Another coworker had communication problems. He had no home phone, a broken cell phone, didn't read or respond to his email, was dead in our IRC channel, and was boycotting our Jabber server. Thus, there was no way to get a hold of him when he was working from home! He may have been terribly productive at home (he wasn't, but that's neither here nor there), but without any communicating with the others on his team there was no way of coordinating efforts. Invariably critical blockers to work projects would fall on his shoulders and they'd languish for days, weeks and even months, unless someone would physically drive over to his house, knock on his door, and ask him what was up.

The next time I noticed the problem with WFH was while I was at the Linux Foundation, except it was kind of an inverse of the above. I found that, even though I had a home office and everything set up for me to work there, I didn't feel like I was working. I'd take lunches where I'd go and eat in front of the TV or maybe play a quick game, and then I'd feel guilt about that. Sometimes I'd sleep in and feel guilt about that too. Basically, I felt as if I wasn't working when I was WFH, so I tended to overcompensate by working more. I'd work 9... 10... 12 hours or more to make up for the feeling that I was getting away with something nefarious. I'd stay up until 4am, and then get back up again at 7am, all the time working because I felt like I was somehow cheating the system. Eventually, I had to face the facts that I was actually getting work done... a lot of work done... and the guilt I was feeling had nothing to do with me not working, but had everything to do with the way I was focusing on the home part in "work from home".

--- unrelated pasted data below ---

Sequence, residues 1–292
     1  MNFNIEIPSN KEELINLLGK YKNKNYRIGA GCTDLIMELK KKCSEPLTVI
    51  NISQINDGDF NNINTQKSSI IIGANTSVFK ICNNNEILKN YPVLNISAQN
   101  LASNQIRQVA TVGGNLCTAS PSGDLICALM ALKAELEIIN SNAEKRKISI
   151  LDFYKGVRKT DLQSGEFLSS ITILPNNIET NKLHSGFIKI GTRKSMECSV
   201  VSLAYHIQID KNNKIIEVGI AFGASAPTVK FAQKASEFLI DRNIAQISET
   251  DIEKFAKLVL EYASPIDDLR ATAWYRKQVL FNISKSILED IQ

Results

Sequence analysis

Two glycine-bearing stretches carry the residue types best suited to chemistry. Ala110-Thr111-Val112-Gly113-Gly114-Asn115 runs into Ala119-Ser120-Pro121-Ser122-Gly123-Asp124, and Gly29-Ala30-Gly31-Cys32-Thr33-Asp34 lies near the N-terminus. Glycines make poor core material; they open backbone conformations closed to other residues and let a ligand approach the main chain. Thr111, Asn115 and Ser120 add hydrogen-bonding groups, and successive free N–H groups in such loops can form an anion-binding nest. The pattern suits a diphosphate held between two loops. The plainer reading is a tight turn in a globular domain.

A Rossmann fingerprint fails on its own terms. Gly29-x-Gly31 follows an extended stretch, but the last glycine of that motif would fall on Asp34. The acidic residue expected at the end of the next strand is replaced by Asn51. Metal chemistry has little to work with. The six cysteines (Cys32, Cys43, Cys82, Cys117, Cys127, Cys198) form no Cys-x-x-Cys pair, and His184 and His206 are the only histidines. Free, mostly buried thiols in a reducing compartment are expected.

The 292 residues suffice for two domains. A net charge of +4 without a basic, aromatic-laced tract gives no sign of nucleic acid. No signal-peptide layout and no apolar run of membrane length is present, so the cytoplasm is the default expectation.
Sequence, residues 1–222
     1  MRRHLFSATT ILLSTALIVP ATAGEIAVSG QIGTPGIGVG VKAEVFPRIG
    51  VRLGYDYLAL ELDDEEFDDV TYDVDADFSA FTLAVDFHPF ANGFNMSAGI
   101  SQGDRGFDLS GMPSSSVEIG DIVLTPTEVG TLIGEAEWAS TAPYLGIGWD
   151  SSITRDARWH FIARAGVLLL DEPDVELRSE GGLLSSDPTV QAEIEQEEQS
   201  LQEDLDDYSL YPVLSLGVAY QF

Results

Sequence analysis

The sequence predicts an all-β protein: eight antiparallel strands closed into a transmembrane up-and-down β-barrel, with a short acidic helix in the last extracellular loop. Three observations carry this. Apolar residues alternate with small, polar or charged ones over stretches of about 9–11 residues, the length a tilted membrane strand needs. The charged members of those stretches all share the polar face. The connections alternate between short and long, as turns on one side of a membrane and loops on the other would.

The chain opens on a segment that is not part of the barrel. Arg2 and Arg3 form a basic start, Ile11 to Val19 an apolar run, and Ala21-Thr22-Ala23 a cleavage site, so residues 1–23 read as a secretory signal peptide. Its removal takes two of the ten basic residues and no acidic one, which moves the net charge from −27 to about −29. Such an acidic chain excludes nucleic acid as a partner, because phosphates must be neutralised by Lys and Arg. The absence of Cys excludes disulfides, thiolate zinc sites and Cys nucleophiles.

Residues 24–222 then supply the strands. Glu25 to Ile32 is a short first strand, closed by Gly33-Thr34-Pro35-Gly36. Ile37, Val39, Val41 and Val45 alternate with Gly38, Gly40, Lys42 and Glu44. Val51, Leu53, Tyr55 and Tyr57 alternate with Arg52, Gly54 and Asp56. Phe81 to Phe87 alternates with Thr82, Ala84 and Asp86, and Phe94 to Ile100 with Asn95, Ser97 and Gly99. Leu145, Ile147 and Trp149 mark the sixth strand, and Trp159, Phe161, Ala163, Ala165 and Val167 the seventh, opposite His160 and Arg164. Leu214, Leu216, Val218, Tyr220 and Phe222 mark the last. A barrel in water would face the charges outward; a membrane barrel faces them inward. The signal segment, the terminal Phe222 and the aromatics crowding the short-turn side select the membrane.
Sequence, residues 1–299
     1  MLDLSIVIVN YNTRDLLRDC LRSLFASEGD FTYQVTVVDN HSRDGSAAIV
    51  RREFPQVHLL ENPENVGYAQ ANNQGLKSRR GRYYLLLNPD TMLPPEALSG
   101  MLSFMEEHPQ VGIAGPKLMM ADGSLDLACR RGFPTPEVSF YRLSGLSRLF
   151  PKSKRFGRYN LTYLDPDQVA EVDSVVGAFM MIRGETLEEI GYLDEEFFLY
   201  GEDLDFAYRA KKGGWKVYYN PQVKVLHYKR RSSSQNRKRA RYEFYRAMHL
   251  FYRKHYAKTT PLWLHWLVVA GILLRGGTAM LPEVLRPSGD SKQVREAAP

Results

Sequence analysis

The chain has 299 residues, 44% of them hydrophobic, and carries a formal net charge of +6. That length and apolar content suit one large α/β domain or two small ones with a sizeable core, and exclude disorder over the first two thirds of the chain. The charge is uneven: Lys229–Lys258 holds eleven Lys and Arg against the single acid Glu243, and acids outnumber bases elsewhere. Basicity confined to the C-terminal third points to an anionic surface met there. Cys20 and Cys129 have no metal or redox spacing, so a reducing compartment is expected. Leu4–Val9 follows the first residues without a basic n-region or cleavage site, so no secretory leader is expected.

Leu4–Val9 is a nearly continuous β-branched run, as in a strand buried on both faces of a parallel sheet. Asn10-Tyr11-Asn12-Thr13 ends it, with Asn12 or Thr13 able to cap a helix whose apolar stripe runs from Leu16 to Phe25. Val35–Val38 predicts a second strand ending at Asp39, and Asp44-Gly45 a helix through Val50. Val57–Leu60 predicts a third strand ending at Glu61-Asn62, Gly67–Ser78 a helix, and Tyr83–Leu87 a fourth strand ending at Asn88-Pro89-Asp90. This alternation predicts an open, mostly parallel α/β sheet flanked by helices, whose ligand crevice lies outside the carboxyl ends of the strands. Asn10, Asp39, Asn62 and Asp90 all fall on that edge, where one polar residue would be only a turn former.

The most recent time this problem hit me was today. I had stepped away from my computer to do something and came back to find my wife had logged me out of Gmail (which also logged me out of Google Calendar and Google Docs, both of which I use at work), and had somehow managed to fill my desktop with a dozen random browser windows. It took me a good 15 minutes to restore my workspace to what it was before I left. If you were in an office, would you just walk up to someone's computer, log them out of things, and check your email? No, you wouldn't (unless you were an ass). But if you emphasize the home part in "work from home", you wouldn't see any problem with this behavior.

Sam's advice for properly working from home

The principle problem in every one of the cases above is that the emphasis is on the fact that you're home, not the fact that you're working. When you're working from home, you need to put the emphasis on work. Treat it as you would any other job. If you think something is inappropriate, do the "Would I do this at work if I was in an office?" litmus test.

For some specifics, use the following guidelines:

Working from home

In the end, I still strongly think WFH is one of the best ways to work. There are so many benefits- everything from using less gas, spending less time driving, wasting less time with your commute, less redundancy of technology, etc.- that they easily overcome the downsides to WFH.

But, in order to make your home work environment more conducive to actually working, you will need to stop the "working from home" thoughts, and replace them with "working from home" ones.